One of the developing themes on a current client assignment is connected to the excessive busyness of the IT team and the detrimental impact this is having on their performance and critically their perceived performance in the eyes of their customers in Sales and Marketing.
I was interested to see this recent presentation by Brian Wernham (below), in which he makes a number of good points, not least of which the need to have a balanced portfolio inncluding Agile and non-Agile projects.
Chris Rock, the US comedian, did a brilliant interview recently. In it, he was asked about President Obama, which generated the following exchange.
What has Obama done wrong?
When Obama first got elected, he should have let it all just drop.
Let what drop?
Over the last few years I have banged heads with both clients and colleagues over what minimal viable product means. I have a pretty clear idea in my head what it is, but unfortunately that’s not always what other people think. This has lead me to start a number of discussions which inevitably leave me feeling disappointed with the results. My problem is the issue is bigger than just MVP.
I have one simple question I ask if I want to find out if a team is producing a good quality product – would you deploy to production on Friday?
Many companies refuse to allow software to be deployed on Friday as few staff are on hand over the weekend if the deployed software fails to work leaving the service unavailable for 48 or more hours.
One of the biggest challenges I have on any Agile project is to try and build senior management confidence in both what we are building and how we are doing it. Nothing special there I hear you say. What doesn’t make it any easier is some of the more colourful terms used in Agile that I have to sell!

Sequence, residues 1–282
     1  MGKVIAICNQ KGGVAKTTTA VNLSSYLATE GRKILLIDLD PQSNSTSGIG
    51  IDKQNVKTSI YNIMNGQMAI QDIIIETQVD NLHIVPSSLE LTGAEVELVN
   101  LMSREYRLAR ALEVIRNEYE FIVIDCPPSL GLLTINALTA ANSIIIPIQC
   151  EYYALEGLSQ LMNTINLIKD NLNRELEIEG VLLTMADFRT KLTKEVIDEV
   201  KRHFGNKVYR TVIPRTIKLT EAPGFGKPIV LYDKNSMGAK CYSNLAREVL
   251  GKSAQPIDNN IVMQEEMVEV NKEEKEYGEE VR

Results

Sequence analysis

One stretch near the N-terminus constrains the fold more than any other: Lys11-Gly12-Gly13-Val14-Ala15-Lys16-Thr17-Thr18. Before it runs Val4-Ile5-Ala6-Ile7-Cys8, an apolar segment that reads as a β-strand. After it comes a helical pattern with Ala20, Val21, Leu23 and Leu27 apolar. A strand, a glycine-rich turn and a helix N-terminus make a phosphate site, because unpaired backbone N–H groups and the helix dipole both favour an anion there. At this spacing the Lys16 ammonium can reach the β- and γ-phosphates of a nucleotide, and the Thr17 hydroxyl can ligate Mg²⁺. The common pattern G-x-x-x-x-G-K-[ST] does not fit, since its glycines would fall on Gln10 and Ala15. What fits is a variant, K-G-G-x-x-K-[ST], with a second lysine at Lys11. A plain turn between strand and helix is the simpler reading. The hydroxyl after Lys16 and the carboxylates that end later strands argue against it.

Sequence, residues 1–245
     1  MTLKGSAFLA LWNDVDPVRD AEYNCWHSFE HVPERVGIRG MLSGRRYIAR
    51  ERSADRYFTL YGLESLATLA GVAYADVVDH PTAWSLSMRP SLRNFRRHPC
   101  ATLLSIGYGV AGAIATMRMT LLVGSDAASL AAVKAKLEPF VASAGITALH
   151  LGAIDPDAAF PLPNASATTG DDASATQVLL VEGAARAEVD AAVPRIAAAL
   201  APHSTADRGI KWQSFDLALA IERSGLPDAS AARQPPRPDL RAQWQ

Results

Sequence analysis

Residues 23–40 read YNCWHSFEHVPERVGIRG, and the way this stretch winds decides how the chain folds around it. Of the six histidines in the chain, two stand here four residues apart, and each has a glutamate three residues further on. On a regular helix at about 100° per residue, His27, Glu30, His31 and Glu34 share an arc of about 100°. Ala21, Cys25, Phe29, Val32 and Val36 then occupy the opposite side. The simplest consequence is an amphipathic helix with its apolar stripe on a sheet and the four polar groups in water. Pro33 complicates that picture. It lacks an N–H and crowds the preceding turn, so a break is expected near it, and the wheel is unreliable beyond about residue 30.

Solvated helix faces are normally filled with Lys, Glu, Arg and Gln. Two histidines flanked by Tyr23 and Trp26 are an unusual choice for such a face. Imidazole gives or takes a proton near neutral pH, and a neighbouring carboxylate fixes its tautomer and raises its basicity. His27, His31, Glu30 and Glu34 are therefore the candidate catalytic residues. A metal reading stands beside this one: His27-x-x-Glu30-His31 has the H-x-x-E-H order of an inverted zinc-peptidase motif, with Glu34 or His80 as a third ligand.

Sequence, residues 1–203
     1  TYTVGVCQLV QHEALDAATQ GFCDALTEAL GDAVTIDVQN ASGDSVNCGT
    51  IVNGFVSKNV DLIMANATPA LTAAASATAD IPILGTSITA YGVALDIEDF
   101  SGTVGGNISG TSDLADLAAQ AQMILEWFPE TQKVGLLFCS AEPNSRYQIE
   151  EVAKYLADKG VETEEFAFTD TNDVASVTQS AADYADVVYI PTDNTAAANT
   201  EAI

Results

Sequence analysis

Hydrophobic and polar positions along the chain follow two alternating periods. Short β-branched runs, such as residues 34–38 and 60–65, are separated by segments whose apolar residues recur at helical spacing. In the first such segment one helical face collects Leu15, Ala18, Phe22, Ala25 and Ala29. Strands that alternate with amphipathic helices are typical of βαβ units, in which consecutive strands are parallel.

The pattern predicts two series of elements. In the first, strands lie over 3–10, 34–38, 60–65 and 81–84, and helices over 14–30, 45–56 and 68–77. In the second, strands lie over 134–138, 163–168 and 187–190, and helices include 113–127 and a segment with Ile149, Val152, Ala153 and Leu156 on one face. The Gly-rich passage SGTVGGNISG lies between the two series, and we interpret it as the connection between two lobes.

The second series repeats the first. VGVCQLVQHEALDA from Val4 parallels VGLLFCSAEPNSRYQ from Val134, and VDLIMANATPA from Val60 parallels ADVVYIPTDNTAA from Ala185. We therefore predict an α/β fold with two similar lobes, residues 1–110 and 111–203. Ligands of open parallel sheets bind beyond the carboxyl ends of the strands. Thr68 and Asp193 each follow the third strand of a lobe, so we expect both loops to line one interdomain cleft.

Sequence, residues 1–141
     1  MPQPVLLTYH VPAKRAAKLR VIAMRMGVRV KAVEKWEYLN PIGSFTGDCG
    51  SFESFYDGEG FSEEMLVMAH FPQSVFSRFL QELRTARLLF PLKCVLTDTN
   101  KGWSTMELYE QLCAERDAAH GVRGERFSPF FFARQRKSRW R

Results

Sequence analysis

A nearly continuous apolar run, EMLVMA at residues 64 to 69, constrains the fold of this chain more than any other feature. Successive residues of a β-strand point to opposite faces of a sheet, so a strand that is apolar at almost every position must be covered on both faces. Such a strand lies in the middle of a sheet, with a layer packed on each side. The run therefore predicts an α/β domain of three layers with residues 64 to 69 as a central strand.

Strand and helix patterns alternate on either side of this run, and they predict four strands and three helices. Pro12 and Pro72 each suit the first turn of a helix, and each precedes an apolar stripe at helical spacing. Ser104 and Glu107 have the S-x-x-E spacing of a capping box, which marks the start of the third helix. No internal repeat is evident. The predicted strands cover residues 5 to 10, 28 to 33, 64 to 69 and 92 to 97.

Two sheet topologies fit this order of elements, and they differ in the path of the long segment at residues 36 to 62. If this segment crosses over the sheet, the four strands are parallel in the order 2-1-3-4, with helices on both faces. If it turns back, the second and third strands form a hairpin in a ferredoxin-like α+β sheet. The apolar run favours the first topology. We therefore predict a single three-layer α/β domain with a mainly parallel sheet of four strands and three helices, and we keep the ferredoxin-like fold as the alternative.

7TH NOV 2014 Author Ian Gill
On Thursday 30th October, IndigoBlue hosted a seminar entitled Digital by Default - Delivering Government 2.0 at the rather lovely House of the RSA London. A diverse and thoughtful audience joined us to hear the insights of a speaker panel well versed in the Digital journey. The RSA is an inspiring place, with an inspiring mission: “21st century enlightenment: Enriching society through ideas and action…committed to provide innovative and creative practical solutions to today’s social challenges.”
In its recently published report “Digital Government – Turning Rhetoric into Reality,” Boston Consulting Group (BCG) made a number of interesting observations. Some of these are familiar, others less so.
The main conclusion of the report is that governments across Europe are getting better at delivering digital services but most countries (including the UK) are not moving nearly as quickly as users would like. Many are “overwhelmed with complexity and slowed by bureaucratic scepticism.”